With the legalization of recreational marijuana use in mid-October, employers are starting to ask questions about their internal policies and how they will be addressing this issue. Interestingly, though, a significant part of the conversation is actually not about recreational use but rules surrounding medicinal consumption.
Medicinal has been around for a while now. But the number of people affected as relatively small, which meant many employers simply didn’t have to worry about it because they didn’t encounter the issue. The arrival of recreational use, though, affects all of us and every employer is now facing policy questions: Will we treat it the same as booze in the workplace or will we expand the scope of our rules?
That seems straightforward enough – if you’re impaired at work, whether from booze or weed – you are in violation. But that’s what has triggered all the conversation around medicinal. It is a prescription and differs from booze, which, to the best of my knowledge, has never been prescribed by a doctor to ease the symptoms of a health problem.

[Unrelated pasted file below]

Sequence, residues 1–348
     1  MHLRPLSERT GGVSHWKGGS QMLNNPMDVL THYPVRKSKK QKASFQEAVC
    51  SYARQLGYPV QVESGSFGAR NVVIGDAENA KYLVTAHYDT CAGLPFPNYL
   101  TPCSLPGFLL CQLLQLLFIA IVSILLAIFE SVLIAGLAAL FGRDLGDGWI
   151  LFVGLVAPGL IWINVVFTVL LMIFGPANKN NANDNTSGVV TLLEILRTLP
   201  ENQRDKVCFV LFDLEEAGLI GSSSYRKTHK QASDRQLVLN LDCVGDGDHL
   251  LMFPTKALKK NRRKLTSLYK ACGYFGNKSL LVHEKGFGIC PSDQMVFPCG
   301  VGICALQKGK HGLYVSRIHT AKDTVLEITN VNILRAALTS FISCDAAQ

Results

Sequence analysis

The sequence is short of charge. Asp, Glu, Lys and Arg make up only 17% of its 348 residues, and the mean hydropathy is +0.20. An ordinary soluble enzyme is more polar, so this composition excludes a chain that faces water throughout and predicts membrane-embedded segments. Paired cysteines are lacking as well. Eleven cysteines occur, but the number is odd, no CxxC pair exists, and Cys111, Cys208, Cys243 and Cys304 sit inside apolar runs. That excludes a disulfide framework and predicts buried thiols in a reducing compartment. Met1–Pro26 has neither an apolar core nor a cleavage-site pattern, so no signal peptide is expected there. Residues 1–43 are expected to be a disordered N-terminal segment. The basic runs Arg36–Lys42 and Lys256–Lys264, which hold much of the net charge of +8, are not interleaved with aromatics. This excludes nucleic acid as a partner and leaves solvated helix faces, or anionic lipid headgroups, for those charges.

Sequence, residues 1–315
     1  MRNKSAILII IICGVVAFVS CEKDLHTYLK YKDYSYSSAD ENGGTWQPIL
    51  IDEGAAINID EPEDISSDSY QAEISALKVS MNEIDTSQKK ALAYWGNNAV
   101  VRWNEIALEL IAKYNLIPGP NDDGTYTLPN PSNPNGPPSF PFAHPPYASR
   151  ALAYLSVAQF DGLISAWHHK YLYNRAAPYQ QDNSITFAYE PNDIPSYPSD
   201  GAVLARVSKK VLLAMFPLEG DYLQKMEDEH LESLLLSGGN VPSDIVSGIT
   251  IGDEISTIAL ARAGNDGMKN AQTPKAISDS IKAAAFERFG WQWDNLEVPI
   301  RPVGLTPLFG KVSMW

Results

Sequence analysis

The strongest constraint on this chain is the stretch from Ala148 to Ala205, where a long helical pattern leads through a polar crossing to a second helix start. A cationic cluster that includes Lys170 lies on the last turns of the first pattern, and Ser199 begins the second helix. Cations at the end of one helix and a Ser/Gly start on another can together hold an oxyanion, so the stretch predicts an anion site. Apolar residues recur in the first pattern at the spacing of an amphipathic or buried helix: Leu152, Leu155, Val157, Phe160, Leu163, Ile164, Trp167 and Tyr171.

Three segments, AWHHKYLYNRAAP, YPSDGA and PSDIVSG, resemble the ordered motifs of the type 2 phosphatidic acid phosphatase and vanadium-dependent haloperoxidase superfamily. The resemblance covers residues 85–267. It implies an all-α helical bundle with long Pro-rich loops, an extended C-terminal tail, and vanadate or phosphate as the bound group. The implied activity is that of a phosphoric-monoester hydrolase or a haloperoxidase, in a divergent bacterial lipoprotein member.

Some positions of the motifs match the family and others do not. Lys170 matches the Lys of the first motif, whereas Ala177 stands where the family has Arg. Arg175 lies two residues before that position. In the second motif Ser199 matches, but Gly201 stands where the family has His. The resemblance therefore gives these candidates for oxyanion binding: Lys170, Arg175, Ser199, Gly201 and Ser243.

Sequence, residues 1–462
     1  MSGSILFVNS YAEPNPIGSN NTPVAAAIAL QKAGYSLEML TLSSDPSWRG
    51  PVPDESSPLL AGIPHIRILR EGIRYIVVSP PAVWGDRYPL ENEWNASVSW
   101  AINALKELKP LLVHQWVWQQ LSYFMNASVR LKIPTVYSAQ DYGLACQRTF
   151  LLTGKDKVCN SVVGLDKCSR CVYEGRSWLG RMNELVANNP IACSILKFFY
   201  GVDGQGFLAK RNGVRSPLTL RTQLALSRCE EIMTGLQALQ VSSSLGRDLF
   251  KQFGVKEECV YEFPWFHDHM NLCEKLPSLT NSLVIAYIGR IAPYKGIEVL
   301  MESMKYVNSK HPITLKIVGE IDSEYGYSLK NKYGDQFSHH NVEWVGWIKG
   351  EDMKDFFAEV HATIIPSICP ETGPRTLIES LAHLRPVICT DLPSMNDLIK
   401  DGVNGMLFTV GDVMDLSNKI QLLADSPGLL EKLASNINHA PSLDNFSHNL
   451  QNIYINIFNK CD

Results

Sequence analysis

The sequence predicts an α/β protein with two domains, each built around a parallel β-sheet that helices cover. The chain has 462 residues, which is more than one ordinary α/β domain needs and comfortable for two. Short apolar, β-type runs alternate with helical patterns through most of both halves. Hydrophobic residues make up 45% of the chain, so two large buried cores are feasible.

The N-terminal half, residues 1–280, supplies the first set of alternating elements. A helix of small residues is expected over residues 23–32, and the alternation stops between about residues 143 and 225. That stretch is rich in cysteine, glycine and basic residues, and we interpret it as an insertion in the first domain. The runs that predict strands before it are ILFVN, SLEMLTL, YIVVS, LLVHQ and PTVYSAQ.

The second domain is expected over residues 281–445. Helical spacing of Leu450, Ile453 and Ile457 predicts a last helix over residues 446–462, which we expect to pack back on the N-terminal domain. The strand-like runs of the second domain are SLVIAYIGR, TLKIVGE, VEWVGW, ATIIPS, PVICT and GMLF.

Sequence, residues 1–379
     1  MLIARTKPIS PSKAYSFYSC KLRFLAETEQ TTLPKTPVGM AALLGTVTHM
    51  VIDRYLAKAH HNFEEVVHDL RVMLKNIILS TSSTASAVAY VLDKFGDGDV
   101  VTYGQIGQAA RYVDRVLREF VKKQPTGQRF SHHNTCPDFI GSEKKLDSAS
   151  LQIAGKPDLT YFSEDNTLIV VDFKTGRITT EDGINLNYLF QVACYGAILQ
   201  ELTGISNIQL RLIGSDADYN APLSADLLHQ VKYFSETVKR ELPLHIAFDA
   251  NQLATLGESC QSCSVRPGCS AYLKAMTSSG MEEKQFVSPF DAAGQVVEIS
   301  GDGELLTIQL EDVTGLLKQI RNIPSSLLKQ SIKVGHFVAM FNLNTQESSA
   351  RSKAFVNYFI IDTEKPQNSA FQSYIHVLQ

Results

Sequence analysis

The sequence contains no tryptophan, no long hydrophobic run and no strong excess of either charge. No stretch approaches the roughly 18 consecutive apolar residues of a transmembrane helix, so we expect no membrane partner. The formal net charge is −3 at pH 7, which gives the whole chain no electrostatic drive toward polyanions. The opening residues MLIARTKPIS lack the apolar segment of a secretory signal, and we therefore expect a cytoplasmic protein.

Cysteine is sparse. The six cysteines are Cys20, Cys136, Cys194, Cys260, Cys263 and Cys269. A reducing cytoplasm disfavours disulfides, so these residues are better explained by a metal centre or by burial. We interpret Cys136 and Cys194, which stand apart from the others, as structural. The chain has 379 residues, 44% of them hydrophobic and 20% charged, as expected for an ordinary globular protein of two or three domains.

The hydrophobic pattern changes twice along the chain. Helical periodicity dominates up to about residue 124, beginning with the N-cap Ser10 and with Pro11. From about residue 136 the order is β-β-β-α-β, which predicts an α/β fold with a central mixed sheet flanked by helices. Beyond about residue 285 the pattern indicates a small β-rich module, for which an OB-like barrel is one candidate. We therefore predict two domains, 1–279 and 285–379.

Oh, the complications. Given that marijuana can stay in the blood stream for weeks, even medicinal use can be problematic. But then again, we don’t penalize workers who are taking other prescription meds, even ones that caution about drowsiness or operating equipment.
So here we are digging more deeply into the implications medicinal marijuana use when the only real change that is headed our way relates to recreational use. Sometimes it just takes time for an issue to come full circle.
The best information I’ve seen on this comes from an employer’s guide prepared by Colin Rooke at Butler Byers Insurance in Saskatoon. It offers a long list of questions an employer can explore in the pursuit of figuring out just how to handle this new reality.